We'd heard of the old Country Doc: grey haired, black bag and rumpled suit,
Who poor folk paid best they could, bartering with chickens and fruit;
But Watson Lake had no farms, nor soil, nor any stock to slaughter,
Chickens and such were trucked in, and whiskey flowed like water.
Such was the scene in '77, hair miners and dogs,
When Said Secerbegovic appeared,
Standing on top of his clogs.

With no grey hairs. old black bag, no rumpled suit on his hide,
Sporty and young, lean and keen, with a sexy blonde by his side,
And, next to her, was a bright young girl, clinging to her mother fast,
"Good grief," we cried, and shook our heads, took bets on how long he'd last.
And we went on medicating ourselves, with Seagrams, by the ounce,
While Said opened a clinic with a name we couldn't pronounce.

He did birthing and broken limbs, pneumonia, dementia and piles,
All of this, and more, in a space that encompassed hundreds of miles.
And, one by one, we needed him for this and that, over the years,
He'd cut and patch and soothe and cure our aches and ails, sprains and fears.
From common colds, coughs and cramps, to diseases exotic and rare,
For he not only had stitch-witchery, but diagnostic flare.

And he settled in and the business grew and we were in fine form,
The years went by and life was good .... it was the calm before the storm.
Then... Hurricane Debbie swept across the matrimonial sea.
"I'm a casualty," cried Said. "Call me Sevic," said Anne-Marie.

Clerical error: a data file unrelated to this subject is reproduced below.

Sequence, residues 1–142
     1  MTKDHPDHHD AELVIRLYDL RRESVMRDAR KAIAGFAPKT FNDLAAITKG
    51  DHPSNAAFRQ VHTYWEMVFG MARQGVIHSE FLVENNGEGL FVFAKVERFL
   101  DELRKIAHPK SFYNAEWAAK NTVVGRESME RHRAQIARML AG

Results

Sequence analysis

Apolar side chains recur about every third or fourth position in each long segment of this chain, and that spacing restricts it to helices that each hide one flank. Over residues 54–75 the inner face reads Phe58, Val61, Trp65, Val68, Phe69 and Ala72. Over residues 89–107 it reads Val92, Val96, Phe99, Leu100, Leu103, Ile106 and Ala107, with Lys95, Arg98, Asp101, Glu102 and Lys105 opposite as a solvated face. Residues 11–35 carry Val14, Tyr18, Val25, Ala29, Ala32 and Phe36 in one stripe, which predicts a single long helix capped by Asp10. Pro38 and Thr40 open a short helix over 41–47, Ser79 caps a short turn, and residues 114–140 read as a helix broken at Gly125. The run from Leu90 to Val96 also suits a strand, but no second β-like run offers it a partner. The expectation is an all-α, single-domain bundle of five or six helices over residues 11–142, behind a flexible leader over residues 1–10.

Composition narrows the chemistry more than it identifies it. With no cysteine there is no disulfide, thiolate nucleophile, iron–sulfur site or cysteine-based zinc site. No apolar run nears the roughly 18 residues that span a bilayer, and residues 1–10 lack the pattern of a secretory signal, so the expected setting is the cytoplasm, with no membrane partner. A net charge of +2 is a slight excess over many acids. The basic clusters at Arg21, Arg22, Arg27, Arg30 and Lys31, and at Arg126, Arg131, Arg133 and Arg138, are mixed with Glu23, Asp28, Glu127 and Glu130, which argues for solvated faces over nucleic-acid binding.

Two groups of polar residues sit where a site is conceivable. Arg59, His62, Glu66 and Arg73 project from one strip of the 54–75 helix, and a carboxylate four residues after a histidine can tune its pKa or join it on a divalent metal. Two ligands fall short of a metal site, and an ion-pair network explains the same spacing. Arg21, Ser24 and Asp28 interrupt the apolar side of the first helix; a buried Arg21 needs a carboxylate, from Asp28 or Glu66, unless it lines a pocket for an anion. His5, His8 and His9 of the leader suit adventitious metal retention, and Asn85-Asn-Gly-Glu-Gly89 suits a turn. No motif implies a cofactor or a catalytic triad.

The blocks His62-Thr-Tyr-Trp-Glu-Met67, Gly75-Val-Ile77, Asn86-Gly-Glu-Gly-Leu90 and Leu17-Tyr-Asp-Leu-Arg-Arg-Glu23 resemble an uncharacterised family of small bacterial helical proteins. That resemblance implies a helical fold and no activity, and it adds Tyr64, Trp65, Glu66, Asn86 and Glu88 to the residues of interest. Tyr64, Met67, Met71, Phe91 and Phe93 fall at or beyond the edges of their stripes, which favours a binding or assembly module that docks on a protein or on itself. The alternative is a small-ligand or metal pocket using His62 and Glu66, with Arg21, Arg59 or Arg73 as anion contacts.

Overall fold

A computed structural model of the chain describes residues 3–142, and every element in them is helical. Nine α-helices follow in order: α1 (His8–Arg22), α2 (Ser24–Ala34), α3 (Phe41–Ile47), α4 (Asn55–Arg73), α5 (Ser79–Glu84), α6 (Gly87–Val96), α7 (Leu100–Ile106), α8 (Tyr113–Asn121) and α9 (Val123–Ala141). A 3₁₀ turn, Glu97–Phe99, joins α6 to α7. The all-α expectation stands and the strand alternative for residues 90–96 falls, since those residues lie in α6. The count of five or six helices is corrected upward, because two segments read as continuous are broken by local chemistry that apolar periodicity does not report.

When asked about her new name she said her life had, indeed, improved,
Sevid was "Secerbegovic" with the "Son-of-a-bitch" removed.

Then he moved himself down the street and procreating was his need,
No Tom, Dick or Harry for him, but Maximillian and Lucas Halib.
The new house needed some work, which created domestic tension,
The place is still unfinished and Hardy Hibbing's due for pension.
Still Si kept his sense of humour, specially when bored with charts and labs
He'd say, "Tests show you're healthy, but look here, this slide is full of crabs."

Now a run-of-the-mill internal, to most women, is no news.
Until, one day, in the middle of one, Said fell off his shoes.
His back went out, his feet went up, he lay immobile on the floor
With his patient lying beside him, in her stirrups, by the door.
So, the patient became the doctor, with Said's full approval,
But only a crash course in "Speculum Removal."

Now, remember Peter Stoffer? He thought a family would be nice,
After witnessing his child's birth, he quickly sought Said's advice
"When can we resume our sex life?" he asked, blushing pale magenta.
"It's customary," replied Said, "to wait for the placenta."

More years went by and Si branched out, beyond the healing and giving
For, though his calling was Medicine, his passion was for Living.

At photography he excels, big real estate deals are no fuss,
Camping and fishing are child's play, a grizzly attack is a rush.
He's a runner, orator and hunter, in case you're taking stock,
A photo-snapping land baron, pharmacist, therapist and doc.

Now, the years have reached twenty-five, as we sit here in our places,
Said's suit has fewer wrinkles than those upon our faces.

Chickens and such were still trucked in for this Anniversary Do,
And most of us are still here, though, God and whiskey have claimed a few.
But, still we think we're quite unique, living without fence or fuss,
And it took a helluva guy to top what we think of us!
So let's drink a toast to that man, and Individual Rare,
I give you Said Secerbegovic, Doctor Extra Ordinaire!

(Sandy Grunow, 16 August 2002)